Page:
Abstract 467: Angiotensin II induces Expression of the Orphan Nuclear Receptor Nor-1 in Vascular Smooth Muscle Cells through cAMP response Element binding Protein Activation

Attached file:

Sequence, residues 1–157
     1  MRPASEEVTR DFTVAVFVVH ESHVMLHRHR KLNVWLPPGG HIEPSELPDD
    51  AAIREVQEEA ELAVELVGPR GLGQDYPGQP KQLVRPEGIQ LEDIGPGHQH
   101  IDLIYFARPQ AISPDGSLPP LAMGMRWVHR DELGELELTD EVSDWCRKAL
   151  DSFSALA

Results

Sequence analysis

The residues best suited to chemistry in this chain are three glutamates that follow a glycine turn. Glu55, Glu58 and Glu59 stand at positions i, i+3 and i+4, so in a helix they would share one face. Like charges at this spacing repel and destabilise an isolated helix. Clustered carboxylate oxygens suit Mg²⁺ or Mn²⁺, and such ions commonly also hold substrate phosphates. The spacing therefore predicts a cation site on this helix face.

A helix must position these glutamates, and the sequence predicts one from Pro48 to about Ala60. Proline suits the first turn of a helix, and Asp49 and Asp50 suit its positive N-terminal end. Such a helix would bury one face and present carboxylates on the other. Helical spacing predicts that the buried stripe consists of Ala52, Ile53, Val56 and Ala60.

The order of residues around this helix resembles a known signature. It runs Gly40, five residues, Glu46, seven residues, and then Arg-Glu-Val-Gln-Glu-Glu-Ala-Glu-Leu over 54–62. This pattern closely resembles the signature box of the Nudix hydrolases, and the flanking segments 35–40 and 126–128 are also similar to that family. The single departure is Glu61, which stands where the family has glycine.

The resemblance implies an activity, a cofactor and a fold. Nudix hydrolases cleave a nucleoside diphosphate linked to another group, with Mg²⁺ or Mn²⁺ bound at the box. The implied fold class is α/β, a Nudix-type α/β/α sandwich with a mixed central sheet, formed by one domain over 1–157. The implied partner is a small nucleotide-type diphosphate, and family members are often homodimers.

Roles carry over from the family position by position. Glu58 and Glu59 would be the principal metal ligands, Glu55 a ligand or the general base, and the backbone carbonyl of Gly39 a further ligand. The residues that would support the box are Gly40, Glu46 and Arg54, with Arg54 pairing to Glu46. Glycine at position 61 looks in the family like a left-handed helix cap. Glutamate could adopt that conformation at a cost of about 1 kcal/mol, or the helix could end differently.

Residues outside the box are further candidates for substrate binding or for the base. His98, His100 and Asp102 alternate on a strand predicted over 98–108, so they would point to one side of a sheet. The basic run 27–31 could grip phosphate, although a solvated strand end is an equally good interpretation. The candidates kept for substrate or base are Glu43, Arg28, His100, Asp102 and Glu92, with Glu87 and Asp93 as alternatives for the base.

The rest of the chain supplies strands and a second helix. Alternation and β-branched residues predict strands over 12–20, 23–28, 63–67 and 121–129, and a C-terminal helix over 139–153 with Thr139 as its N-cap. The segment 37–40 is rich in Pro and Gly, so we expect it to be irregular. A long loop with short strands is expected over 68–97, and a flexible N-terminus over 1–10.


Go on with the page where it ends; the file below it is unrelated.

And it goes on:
Members of the nuclear hormone receptor superfamily function as key transcriptional regulators of gene expression programs controlling inflammation in vascular diseases. Although much attention has focused on the role of the peroxisome proliferators activated receptor (PPAR) and liver X receptor (LXR) subfamilies, this family comprises a large number of orphan nuclear receptors, whose target genes and physiological functions are unknown. The neuron-derived orphan receptor-1 (Nor-1) belongs to the NR4A subfamily of the nuclear receptor superfamily and has recently been implicated to play a critical role for cell survival, proliferation, and inflammation. Angiotensin II (AngII) has a well-established role to promote vascular smooth muscle cell (SMC) proliferation and inflammation and in the present study we demonstrate AngII-induced Nor-1 expression in SMC. In response to stimulation with AngII quiescent SMC rapidly express Nor-1 mRNA and protein. AngII-induced Nor-1 expression was mediated through an AT1-receptor-dependent mechanism as it was abolished in SMC isolated from AT1A-receptor deficient mice. Transient transfection experiments and 5′-deletion analysis of the Nor-1 promoter demonstrated that AngII-induced Nor-1 expression in SMC is mediated through a transcriptional mechanism dependent on transcription factor binding sites located between -162 to -42 relative to the transcription initiation site. This promoter region contains three putative binding sites for cAMP response element-binding protein (CREB). Site-directed mutagenesis of these CRE sites and overexpression of a dominant-negative CREB mutant in transactivation assays completely abolished AngII-induced Nor-1 promoter activity. Finally, AngII induced Ser133 phosphorylation of CREB and subsequent binding to the CRE sites of the endogenous Nor-1 promoter in chromatin immunoprecipitation assays. These experiments indicate that AngII-induced Nor-1 transcription in SMC is mediated through CREB-dependent transactivation of the Nor-1 promoter and point to a previously unrecognized mechanism by which AngII exerts its proliferative and proinflammatory vascular effects.